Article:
OECD: Bridging The Digital Gender Divide

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This report has been produced at the request of the Australian Government to support advancement of the 2017 G20 Roadmap for Digitalisation: Policies for a Digital Future, in particular its dimension on supporting the equitable participation of women in the digital economy. It aims to provide policy directions for consideration by all governments, including G20 economies’ governments through identifying, discussing and analysing a range of drivers at the root of the digital gender divide. In bolstering the evidence base and drawing attention tocritical policy areas, the analysis complements the important initiative of the 2018 Argentinian G20 Presidency to share those policies, actions and national practices that have had a significant and measurable impact in bridging the digital gender divide, and supports Argentina’s approach of mainstreaming gender across the G20 agenda.

While G20 economies have already put in place a number of important actions aimed at narrowing the gender gap, more needs to be done in light of the many worrying signs of a widening digital gender divide and the compounded effect that its different components may have in the future. Hurdles to access, affordability, lack of education as well as inherent biases and socio-cultural norms curtail women and girls’ ability to benefit from the opportunities offered by the digital transformation. In addition, girls’ relatively lower educational enrolment in those disciplines that would allow them to perform well in a digital world (e.g.science, technology, engineering and mathematics [STEM] and information and communication technologies [ICTs]), coupled with women’s and girls’ limited use of digital tools and relatively scarcer presence or activity on platforms–e.g. for business purposes–suggest a potential scenario of widening gaps and greater inequality, especially in disadvantaged areas. If one adds to this the fact that women receive comparatively less financing for their innovative endeavours and are often confronted with “glass ceilings”curbing their professional ambitions (especially so in tech industries),the picture that emerges is far from positive and points to a vicious circle that could lead to widening of digital gender divides.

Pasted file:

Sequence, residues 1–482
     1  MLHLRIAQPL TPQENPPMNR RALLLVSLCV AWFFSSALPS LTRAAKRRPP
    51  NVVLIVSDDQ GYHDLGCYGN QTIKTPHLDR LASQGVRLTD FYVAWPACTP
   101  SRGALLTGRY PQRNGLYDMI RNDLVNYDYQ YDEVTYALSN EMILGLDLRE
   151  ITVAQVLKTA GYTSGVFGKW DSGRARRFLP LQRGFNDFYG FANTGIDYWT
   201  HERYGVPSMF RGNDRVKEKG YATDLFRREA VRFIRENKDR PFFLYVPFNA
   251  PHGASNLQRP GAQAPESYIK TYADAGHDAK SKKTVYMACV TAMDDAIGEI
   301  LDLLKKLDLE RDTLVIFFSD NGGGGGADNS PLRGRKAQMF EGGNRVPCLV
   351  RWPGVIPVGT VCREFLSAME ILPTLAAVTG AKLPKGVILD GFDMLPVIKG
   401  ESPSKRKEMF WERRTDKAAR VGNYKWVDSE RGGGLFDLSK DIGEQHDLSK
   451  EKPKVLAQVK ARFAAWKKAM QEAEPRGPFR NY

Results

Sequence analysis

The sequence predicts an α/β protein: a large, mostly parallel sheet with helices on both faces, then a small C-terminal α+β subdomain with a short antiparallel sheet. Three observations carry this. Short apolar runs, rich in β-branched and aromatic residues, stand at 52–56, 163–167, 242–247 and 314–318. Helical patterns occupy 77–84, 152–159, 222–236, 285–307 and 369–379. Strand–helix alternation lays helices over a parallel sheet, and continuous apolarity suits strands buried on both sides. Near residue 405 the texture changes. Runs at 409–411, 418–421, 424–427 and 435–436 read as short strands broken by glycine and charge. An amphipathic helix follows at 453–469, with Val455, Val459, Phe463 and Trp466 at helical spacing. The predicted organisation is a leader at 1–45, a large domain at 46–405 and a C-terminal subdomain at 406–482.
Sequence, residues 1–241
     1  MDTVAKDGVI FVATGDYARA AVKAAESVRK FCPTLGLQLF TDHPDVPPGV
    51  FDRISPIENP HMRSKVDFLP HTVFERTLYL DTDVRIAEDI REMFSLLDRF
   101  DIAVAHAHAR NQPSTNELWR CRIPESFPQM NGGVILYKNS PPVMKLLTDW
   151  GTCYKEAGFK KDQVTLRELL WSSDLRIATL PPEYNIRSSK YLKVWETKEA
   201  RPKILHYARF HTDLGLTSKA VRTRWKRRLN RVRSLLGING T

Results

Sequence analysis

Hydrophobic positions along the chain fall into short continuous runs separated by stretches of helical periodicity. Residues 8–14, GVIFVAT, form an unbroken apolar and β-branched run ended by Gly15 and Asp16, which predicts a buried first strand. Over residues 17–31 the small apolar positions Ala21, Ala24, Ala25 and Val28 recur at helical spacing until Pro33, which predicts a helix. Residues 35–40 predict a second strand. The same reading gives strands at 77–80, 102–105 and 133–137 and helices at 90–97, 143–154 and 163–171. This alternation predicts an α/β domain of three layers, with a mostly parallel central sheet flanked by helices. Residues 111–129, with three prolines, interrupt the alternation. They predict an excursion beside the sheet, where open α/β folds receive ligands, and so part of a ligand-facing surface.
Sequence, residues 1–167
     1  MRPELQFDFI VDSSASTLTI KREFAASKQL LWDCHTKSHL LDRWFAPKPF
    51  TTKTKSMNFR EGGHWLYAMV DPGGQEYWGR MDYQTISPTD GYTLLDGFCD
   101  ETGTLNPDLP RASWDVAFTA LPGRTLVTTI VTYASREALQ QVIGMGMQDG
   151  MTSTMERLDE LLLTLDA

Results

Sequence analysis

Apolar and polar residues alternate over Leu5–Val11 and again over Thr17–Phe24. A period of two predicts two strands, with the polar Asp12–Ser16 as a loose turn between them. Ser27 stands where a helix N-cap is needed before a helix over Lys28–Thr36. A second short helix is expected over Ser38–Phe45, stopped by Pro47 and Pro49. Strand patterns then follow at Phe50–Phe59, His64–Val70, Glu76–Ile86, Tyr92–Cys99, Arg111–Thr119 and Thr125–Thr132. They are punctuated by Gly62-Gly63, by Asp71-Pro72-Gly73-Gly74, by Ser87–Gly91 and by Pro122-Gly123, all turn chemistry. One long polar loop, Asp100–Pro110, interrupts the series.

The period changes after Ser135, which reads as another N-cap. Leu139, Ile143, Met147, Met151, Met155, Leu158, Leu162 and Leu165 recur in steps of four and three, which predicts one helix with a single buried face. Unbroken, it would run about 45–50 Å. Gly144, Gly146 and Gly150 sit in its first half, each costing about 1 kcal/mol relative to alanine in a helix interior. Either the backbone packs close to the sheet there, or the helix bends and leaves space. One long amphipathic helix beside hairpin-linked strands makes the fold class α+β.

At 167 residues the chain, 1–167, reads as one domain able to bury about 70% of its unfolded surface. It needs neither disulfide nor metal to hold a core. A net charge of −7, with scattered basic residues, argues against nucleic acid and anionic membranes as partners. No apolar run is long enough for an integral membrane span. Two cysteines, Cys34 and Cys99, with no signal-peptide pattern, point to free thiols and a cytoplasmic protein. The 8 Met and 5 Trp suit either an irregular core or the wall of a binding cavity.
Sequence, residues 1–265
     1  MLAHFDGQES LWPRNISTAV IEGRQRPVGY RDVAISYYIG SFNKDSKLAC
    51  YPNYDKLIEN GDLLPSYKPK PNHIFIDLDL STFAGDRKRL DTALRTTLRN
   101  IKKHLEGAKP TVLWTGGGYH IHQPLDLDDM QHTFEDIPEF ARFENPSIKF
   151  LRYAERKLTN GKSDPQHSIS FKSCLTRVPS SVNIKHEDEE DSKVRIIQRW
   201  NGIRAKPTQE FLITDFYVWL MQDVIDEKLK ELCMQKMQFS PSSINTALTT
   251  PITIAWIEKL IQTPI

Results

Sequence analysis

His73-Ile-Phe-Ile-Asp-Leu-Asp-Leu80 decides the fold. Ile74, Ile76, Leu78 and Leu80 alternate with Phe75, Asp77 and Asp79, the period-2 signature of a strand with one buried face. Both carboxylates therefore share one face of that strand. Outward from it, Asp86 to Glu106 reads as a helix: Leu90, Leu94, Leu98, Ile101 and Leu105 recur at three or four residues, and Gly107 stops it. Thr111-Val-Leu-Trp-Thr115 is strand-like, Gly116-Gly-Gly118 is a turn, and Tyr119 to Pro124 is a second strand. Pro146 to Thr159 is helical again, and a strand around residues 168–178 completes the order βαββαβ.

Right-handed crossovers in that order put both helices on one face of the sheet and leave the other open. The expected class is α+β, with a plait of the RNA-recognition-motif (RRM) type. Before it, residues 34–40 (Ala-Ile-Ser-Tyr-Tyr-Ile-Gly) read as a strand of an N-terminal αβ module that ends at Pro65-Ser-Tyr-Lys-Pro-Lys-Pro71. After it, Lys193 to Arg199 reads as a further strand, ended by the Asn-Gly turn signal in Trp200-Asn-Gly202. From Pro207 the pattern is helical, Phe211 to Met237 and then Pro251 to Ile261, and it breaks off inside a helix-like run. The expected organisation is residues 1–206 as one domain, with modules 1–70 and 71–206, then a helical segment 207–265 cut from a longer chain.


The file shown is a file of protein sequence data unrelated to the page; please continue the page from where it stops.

Policy, especially in the form of co-ordinated and complementary actions, may reverse these trends and trigger a more inclusive path, based on narrowing digital and gender gaps. Addressing the digital gender divide requires raising awareness and tackling gender stereotypes, while at the same time enabling enhanced, safer and more affordable access to digital tools and fostering strong co-operation across stakeholders to remove barriers to girls and women’s full participation in the digital world. Digital technologies may provide new opportunities for making progress, underscoring the importance of broadening access. But “tech fixes” can do little to address the underlying structural problems driving the digital gender divide and gender biases. While the report discusses some of the ways in which women can be empowered, gaps narrowed and hurdles leapfrogged, narrowing the (digital) gender divide is not about “fixing women”, or perpetuating existing roles with the aid of technology. Rather, the focus needs to be on putting in place concrete policy actions fostering women’s and girls’ full participation and inclusion in the digital economy, while at the same time addressing ingrained stereotypes and social norms that lead to discrimination and even violence against women.

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